A Friendly Reminder: A.I. Work Isn’t Yours

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Is It Real or Is It Memorex?

Many organizations are grappling with how to manage A.I. in the workplace. The next time someone turns in work generated by A.I. without an appropriate acknowledgment, simply tell them that moving forward, they need to identify all A.I.-generated work. But it’s also important to take a more expansive approach instead of trying to address the issue on a case-by-case basis. Collaborate with relevant stakeholders to develop A.I. guidelines that reflect the realities of the work your organization does. When is it appropriate for employees to use A.I.? How should they acknowledge and cite A.I.-generated work? When is using the technology not appropriate? What are the consequences for employees who do not follow these guidelines? How are you going to train staff to use A.I.? How are you going to train managers to identify work that is generated by it? These are the early days of the mass adoption of A.I. It is an imperfect tool, however exciting its potential may be. We need to think carefully about the ethics of using A.I. and remember that artificial intelligence is not human. It lacks a moral code. It lacks judgment. There are limits to what it knows and what it can do.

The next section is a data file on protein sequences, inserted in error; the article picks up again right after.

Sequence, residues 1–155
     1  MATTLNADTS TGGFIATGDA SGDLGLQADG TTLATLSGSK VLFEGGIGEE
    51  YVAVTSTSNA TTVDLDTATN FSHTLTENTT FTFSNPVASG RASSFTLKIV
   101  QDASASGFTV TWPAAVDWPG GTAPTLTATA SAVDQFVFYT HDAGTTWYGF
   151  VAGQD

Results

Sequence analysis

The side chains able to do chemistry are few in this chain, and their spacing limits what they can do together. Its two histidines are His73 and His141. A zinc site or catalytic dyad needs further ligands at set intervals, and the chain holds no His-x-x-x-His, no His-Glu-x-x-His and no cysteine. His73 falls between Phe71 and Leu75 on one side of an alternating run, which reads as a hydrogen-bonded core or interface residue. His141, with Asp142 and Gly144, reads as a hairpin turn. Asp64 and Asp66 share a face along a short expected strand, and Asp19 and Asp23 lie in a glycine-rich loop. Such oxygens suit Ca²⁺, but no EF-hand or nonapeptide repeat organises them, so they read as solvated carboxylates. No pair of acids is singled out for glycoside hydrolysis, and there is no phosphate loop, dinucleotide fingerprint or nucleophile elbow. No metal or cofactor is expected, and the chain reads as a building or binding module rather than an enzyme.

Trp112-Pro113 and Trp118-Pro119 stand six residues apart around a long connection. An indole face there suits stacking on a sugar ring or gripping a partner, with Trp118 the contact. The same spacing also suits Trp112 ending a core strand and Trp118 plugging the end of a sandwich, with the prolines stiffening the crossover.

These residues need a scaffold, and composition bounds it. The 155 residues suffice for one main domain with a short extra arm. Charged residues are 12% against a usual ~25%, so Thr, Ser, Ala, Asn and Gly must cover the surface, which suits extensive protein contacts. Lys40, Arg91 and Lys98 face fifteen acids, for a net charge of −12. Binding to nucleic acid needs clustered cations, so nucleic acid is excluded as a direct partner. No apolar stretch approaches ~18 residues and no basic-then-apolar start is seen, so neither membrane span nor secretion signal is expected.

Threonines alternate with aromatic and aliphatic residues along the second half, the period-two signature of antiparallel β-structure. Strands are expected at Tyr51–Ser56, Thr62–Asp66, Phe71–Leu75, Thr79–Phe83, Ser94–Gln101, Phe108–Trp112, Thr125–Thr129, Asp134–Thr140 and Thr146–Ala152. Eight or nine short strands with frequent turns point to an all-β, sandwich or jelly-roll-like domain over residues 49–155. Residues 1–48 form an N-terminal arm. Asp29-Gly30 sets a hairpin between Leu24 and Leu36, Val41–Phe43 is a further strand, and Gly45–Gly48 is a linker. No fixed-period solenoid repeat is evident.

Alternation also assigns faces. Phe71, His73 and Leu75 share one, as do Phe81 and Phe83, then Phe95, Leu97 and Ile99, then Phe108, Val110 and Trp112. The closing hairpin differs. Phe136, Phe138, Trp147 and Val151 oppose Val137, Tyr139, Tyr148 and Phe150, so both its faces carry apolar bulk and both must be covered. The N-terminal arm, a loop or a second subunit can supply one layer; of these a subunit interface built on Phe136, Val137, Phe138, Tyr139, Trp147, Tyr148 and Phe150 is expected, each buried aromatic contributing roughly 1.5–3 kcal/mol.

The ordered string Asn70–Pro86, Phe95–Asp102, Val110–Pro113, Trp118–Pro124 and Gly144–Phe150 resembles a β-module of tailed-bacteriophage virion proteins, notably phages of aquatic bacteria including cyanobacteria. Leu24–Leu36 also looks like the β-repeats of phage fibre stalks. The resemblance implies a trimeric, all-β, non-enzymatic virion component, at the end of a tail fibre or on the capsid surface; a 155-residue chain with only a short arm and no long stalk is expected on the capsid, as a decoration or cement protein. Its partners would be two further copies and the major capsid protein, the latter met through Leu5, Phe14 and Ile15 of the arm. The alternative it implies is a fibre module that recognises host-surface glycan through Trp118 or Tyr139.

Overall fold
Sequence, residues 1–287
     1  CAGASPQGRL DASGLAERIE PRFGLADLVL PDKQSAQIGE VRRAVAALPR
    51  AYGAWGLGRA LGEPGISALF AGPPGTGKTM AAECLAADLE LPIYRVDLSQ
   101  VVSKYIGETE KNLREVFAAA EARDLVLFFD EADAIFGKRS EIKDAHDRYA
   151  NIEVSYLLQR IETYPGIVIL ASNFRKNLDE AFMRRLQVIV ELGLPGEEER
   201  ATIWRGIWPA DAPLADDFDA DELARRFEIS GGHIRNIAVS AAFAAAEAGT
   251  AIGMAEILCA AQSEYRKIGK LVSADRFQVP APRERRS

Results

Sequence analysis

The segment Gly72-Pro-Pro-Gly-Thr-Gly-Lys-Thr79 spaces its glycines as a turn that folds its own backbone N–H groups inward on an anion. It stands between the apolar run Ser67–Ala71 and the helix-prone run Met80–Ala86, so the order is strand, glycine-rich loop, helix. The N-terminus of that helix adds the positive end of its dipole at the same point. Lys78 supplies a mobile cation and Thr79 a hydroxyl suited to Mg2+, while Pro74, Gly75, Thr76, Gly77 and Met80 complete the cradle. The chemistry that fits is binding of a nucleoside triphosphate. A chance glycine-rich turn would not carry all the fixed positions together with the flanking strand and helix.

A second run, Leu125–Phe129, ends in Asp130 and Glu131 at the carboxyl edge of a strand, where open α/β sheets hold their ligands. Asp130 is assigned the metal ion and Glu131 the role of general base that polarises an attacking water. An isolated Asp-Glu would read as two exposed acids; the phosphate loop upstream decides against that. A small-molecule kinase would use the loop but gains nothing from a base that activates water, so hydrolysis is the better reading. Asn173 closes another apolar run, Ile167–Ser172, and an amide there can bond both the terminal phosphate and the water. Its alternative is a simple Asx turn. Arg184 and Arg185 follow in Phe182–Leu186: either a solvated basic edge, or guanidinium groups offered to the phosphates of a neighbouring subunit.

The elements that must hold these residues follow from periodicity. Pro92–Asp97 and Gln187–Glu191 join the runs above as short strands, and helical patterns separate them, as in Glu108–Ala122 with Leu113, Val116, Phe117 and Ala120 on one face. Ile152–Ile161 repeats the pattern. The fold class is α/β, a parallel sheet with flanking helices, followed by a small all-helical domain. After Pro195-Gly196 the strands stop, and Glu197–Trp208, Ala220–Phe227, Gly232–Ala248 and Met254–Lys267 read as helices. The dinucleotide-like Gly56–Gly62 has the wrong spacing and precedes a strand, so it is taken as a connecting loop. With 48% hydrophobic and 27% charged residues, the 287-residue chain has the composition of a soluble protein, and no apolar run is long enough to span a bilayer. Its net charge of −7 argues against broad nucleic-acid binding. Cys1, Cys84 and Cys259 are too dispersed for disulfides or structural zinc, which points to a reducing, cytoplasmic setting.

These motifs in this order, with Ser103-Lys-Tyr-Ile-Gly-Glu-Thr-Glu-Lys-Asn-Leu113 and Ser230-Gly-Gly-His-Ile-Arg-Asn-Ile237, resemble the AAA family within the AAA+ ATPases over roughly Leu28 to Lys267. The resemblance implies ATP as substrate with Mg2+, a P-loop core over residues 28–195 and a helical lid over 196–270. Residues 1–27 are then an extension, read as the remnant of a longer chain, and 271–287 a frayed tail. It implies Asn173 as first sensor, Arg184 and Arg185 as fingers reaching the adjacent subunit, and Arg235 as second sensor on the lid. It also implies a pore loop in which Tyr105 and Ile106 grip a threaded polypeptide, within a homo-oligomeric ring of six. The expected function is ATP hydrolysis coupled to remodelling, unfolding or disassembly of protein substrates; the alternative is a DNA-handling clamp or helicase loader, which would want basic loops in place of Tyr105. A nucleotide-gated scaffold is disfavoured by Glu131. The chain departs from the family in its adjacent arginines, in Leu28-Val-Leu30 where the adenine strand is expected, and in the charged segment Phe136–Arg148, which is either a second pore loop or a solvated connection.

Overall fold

Continue That Ed, for Yourself

Don’t be so hard on yourself. Training and instructional design are specific areas of expertise. If your employer expects you to train new employees, ask if they will support your professional development and pay for you to take an instructional design course or workshop. There are also many books that you may find helpful. Cathy Moore’s “Map It: The Hands-On Guide to Strategic Training Design,” is well-regarded. I’d also suggest “Design For How PeopleLearn” by Julie Dirksen. As you start to develop resources, think, what are the most important things people need to know about using these tools? How can you best communicate that information to new learners? Good luck!

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